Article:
A retraction apparatus for maintaining the charging'space constant between the gun nozzle and retaining wall is placed at the side of the rotating mechanism, and consists of fulcrum lever 43 pivoted centrally by Pin 44 to the bearing bracket; hand lever 45 for pulling the fibre container into its top charging position; ball bearing 48 on which the drive friction plate rotates; spring 41 to retract the container as the latter becomes charged; air compression cylinder 42 pivoted by means of cover plate 49 and pin II to the fioor bracket 5i; piston 52 attached by piston rod 53 and pin 54 to the fulcrum lever; check valve 55 in the piston to allow the latter to be moved readily On the downward stroke but which closes on the upward stroke; and an air vent 5B controlled by screw 51 to regulate the speed of the upper stroke and consequently the retraction speed of the fibre container. When the container has been fully charged and its cover is clear of the former, the shoulder of the rotating cup will contact the upper bearing of the rotating mechanism and thereafter any further upward movement of the piston will disengage the friction plates of the driving clutch and the container will cease to rotate, and simultaneously therewith stud 58 will touch the contact point 59 thereby breaking the electric circuit to the driving motor for the plastic feed. The gun and the container cover can then be swung out of position and the charged container removed.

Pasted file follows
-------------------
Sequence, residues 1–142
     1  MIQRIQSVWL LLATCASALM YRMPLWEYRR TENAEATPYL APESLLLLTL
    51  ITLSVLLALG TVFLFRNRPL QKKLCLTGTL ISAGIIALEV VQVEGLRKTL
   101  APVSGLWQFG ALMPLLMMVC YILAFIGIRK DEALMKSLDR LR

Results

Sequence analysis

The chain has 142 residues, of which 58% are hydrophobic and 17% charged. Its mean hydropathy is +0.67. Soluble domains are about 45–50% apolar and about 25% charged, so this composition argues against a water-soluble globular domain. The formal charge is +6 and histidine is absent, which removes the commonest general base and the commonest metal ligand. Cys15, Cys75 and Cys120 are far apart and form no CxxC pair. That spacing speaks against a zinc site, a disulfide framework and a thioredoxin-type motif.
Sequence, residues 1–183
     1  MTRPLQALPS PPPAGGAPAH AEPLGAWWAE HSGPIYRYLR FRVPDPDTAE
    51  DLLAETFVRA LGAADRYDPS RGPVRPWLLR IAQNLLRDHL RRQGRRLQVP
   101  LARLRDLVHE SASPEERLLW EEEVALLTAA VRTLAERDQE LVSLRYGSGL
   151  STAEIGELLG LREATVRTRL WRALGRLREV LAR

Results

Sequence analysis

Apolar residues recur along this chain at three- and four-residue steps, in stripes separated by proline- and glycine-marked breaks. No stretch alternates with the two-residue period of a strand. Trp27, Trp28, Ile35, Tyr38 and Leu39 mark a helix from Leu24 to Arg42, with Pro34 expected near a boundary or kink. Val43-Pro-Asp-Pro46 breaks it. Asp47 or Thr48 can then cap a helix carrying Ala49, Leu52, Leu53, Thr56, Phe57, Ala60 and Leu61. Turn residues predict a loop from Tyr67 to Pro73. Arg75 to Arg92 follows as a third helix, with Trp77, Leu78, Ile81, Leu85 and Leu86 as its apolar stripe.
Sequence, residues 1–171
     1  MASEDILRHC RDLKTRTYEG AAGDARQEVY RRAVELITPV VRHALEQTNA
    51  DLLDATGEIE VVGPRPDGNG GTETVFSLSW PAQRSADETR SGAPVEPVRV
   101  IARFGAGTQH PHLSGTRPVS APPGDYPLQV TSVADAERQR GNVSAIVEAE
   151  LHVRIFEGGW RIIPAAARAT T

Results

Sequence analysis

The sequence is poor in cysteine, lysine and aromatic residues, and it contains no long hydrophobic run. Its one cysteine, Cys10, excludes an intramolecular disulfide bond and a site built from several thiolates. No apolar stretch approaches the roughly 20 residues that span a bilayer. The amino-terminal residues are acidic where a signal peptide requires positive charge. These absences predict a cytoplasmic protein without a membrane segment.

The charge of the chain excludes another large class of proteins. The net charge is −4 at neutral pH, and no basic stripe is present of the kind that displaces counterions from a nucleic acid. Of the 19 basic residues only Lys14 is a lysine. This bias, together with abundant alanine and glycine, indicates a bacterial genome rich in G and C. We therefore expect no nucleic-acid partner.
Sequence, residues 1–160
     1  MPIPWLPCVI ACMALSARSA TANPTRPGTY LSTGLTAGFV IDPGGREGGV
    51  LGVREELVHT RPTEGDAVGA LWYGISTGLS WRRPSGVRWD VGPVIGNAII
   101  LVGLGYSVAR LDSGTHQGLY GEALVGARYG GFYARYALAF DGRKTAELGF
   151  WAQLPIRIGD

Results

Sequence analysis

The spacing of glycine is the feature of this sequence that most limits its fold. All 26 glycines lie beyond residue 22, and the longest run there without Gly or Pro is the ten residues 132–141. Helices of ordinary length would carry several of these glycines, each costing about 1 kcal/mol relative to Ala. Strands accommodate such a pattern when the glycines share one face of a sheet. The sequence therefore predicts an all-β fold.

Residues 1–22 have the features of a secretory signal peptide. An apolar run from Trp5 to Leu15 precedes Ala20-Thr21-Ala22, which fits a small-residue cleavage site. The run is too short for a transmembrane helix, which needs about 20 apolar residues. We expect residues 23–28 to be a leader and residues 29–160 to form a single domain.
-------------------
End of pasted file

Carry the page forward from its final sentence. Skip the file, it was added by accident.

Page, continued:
Fig. 2 is a modification of the arrangement shown in Fig. 1, in which a plastic material in molten, solution, or other fiuid condition is extruded as a stream into a high potential electrostatic field formed between the spinning gun as the dispersing electrode, which is charged positively, as indicated by the plus sign, and the rotating mechanism and container as the collecting electrode, which is charged negatively, as indicated by the minus sign, and grounded. The dispersing and collecting electrodes are connected by conductors I0 and H, respectively, with a source of high potential 82 with the result that the former will shatter the plastic stream into disrupted filaments that will be constantly repelled by a pulsating unidirectional current and attracted to the collecting electrode of opposite and the deposition of the fibres within be supplemented and accelerated by passage of an enveloping elastic conveyin! and stretching fluid through the foraminous retaining wall or. the container and out through the hollow shaft 03 of the receiver cup and outlet ll inthe i'oot-stepbearing OI. Both electrodes move during the chargin operation; the container in a rotative direction around a vertical axis while the gun is retracted upwardly by the hand lever I. actuated by a spring I! operating against the air compression cylinder position on the stand 80.